by Adina Sara
A Few of My Favorite Things
I recently visited a friend who had placed a bouquet of fresh-cut flowers from her garden on the table. The smell of one particular flower wafted my way, and I had to get up and take a closer whiff. Smell is the oldest of senses, predating language by millennia. That may be why it is almost impossible to adequately describe smells with clumsy words. This scent was so delicious I couldn't pull away. "What is that?" I asked her. "Daphne," she answered, surprised that I didn't recognize this common garden-variety plant.
We went outside, and she showed me the plant—unremarkable variegated leaves with flowers so small you'd walk right past them without notice. Except for that divine smell.'
I immediately went out and purchased a small daphne and placed it in a large pot on my deck. A few blooms opened during the recent rainstorm, and lots more are on the way. I read up on the sweet plant—officially called Daphne burkwoodii, named for Mrs. Carolyn Brett, who discovered the mutation of the hybrid in her New Jersey garden. How I would have loved to see her expression when that first bloom appeared.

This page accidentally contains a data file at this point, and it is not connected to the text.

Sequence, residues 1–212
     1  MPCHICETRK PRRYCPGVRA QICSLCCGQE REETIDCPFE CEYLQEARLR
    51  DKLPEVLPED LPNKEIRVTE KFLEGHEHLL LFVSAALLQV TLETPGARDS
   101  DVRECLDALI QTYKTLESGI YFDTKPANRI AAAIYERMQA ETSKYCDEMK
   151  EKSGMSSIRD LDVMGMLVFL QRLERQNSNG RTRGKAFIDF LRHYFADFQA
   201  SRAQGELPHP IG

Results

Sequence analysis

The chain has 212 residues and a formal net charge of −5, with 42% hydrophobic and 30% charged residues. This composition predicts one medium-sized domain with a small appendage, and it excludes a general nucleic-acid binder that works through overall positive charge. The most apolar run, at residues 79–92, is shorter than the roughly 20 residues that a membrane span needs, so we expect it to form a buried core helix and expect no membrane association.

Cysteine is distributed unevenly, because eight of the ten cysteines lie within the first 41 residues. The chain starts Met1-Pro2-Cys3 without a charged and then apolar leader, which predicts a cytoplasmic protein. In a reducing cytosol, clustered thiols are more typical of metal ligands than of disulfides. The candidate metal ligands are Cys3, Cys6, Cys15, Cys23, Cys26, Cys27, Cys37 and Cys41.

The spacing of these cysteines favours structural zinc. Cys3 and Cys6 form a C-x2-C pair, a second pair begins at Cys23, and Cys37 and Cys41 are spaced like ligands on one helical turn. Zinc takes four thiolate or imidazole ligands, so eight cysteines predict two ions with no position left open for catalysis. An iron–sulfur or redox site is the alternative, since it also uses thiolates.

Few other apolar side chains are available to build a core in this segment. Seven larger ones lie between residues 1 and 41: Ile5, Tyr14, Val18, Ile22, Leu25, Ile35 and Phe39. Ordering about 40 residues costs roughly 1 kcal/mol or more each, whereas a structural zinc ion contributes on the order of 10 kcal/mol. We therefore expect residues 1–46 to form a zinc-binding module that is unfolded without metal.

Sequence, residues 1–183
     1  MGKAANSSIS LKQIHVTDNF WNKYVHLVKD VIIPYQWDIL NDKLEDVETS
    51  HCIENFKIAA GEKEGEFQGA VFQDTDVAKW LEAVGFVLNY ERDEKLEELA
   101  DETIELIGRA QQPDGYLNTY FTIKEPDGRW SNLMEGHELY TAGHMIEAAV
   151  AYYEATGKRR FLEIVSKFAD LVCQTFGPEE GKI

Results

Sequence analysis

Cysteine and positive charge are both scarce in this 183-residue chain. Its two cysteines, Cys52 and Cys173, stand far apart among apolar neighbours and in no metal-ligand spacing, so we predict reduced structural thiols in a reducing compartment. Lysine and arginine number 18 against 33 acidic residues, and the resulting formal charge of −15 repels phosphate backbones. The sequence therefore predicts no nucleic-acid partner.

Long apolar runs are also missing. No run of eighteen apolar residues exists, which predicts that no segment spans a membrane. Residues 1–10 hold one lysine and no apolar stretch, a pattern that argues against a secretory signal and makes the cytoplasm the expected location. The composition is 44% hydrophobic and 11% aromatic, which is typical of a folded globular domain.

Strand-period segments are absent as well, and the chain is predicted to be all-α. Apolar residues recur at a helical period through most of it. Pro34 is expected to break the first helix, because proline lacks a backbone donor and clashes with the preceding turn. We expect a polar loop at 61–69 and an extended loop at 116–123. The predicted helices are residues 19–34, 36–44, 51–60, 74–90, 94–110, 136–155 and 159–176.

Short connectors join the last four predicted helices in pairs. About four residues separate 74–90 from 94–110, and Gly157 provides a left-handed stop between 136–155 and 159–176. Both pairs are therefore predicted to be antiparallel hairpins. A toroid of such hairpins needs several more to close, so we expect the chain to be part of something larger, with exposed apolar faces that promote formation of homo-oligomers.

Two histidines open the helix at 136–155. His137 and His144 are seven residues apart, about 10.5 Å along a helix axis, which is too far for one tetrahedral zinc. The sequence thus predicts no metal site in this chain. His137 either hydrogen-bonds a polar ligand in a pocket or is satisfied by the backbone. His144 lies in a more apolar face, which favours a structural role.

Another recent acquisition came by way of a neighborhood plant exchange—a pathetic little cutting in a four-inch pot. The previous owner assured me the vine would stay contained and bloom nicely across my back fence (where my neighbor recently pleaded with me to remove a passiflora that was threatening to take over his property). I planted the spindly stick in the ground, not expecting anything. Barely two seasons later, the vine has completely covered the fence, crept over the neighbor's pussy willows, woven itself through the buddlea and chasteberry tree and is now reaching for the bamboo. No telling where it will go from there. Still, the stem that leads to the ground is no thicker than a pencil. Hard to believe so much growth can emanate from so spindly a source. The name of the vine is Cobaea sandens, aka cup-and-saucer vine. Did I mention that it's covered with fabulous purple flowers?'
Last but not least, I just discovered a fan-shaped spiked-leaf plant hiding underneath a massive overgrowth of tagetes (Mexican marigold). I wish I could tell you what it is. All I know is that it's not a watsonia (thank goodness—I have enough of those) and not a gladiolus, though it does bear similarities to both. A tall bloom is beginning to form, which I hope will help identify it. Here's what I love about the plant: it planted itself, choosing a perfect spot, midway between the flowering cherry and the curb.'
I sometimes wonder how many more miraculous plants are out there waiting to be discovered.